December 18, 2019

5 Winter Training Tips for Runners and Cyclists

(5 min read)

Sometimes it’s hard to stay motivated during the cold months with the next race still so far away. We’ll give you a few tips on how to stay motivated and stay fit until it gets warmer outside.

Runners in the snow

1. Embrace the elements

It’s almost never as bad as you think it is to be outside. Once you’re moving you automatically warm up and your body adapts quite quickly to training in cold conditions if you give it a bit of time. Some of the most fun bike rides I can remember were long rides with my friends in the worst conditions, like just above zero, pouring rain and spray from the bike in front of you in your face for 3 hours. There’s just something great about battling the elements with your friends and chatting about an epic ride at the cafe afterwards.

Cycloross rail trail

Many runners easily overheat in warm to hot conditions and the great thing about winter is that that’s not a problem as long as you dress appropriately. If you’re a triathlete it’s generally easier to run in cold conditions than it is to bike. During running our bodies usually generate more heat compared to cycling, plus you’re not going as fast as on the bike so the wind is not cooling you down as quickly.

2. Mix it up

Cross country skiing

This is a great time of the year to focus on being a well rounded and healthy athlete. Do some other activities than what you usually do and try something new. Cross country/downhill skiing, team sports, yoga, strength training, and swimming are all great options. Diversity in training can keep you more balanced, help prevent injury, and keep you motivated while you work to get a great base for more specialized training later.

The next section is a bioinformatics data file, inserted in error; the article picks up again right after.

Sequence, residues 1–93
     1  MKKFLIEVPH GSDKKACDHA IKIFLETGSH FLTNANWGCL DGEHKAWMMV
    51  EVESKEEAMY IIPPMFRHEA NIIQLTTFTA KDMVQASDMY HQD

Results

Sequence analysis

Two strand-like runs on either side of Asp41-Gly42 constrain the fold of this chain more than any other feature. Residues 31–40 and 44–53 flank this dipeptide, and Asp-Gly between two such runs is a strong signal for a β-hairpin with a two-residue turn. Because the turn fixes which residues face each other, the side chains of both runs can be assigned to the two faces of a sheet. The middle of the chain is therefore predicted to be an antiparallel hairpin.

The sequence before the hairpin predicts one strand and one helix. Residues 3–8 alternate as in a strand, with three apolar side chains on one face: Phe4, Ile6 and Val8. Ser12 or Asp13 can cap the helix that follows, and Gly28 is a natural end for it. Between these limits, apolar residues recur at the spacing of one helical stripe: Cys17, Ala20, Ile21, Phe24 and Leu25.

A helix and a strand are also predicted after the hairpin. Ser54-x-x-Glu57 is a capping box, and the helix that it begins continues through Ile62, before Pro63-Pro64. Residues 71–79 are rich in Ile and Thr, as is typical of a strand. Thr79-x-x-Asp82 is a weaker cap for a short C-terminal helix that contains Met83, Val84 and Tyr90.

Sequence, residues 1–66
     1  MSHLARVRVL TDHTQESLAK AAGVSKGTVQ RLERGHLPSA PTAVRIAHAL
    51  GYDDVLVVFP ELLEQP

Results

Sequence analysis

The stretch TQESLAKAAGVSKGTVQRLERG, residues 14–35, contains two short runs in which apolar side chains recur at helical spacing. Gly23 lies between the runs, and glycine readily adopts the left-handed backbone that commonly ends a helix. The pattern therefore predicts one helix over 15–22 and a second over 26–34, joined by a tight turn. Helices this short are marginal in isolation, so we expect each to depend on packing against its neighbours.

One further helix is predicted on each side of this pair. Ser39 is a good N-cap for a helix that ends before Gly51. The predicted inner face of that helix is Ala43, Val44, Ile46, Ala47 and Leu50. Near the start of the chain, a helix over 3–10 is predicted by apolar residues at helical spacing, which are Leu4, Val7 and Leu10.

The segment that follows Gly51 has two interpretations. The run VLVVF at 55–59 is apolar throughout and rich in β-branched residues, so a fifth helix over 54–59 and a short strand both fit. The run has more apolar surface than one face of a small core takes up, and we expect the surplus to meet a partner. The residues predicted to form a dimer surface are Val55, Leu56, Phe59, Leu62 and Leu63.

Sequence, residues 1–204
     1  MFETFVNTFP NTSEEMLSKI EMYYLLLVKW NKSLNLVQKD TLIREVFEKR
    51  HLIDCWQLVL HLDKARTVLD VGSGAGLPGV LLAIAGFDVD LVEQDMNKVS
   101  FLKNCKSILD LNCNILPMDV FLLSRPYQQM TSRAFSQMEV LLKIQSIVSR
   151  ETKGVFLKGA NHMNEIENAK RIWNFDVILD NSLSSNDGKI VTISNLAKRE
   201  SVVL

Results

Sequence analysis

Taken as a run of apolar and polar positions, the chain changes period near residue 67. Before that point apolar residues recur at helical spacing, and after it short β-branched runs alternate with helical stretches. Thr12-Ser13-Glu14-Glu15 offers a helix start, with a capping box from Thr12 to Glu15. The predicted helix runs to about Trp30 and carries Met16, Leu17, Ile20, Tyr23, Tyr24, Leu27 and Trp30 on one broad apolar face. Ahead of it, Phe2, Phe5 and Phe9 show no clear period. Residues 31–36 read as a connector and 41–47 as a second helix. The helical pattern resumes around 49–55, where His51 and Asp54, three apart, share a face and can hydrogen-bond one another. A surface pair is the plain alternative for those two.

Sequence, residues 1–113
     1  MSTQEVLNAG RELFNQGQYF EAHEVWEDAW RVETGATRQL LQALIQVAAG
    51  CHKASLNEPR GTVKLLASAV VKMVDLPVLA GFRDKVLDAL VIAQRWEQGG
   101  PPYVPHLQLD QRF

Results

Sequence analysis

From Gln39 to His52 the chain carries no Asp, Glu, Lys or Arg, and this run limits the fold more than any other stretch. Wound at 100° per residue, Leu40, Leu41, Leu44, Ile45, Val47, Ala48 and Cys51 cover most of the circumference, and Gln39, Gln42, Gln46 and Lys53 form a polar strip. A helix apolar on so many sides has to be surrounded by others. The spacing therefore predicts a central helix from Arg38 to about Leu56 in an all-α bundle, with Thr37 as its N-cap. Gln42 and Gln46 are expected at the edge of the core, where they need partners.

3. Sign up for a race

It can be a great motivator to commit to doing a race in the spring. Having a fixed date at which you want to be in top shape as opposed to the vague goal of being fit in spring (which is when exactly?) can do wonders.

4. Train indoors

Training indoors can be extremely efficient. The controlled environment of a bike trainer or a treadmill allows you to do very specific intervals that you often wouldn’t be able to do outside because of traffic, red lights, variations in gradient etc. Personally, I’m a big fan of Trainerroad as their workouts have really worked to raise my power on the bike. Zwift is also a great option.

5. Don’t go too hard too early

This one is for those that are super motivated. There is no prize for being in peak shape two months before race season and being on a downward trajectory and/or burned out when the actual races are happening. Base season is about building the foundation for harder training closer to your race season. Think of your fitness as a cake. Base is the foundation and high end intervals are the icing on the cake. A cake that’s just icing and no foundation is no good. Focus on being consistent in your training and don’t overdo it with the high intensity intervals.

Thanks for reading!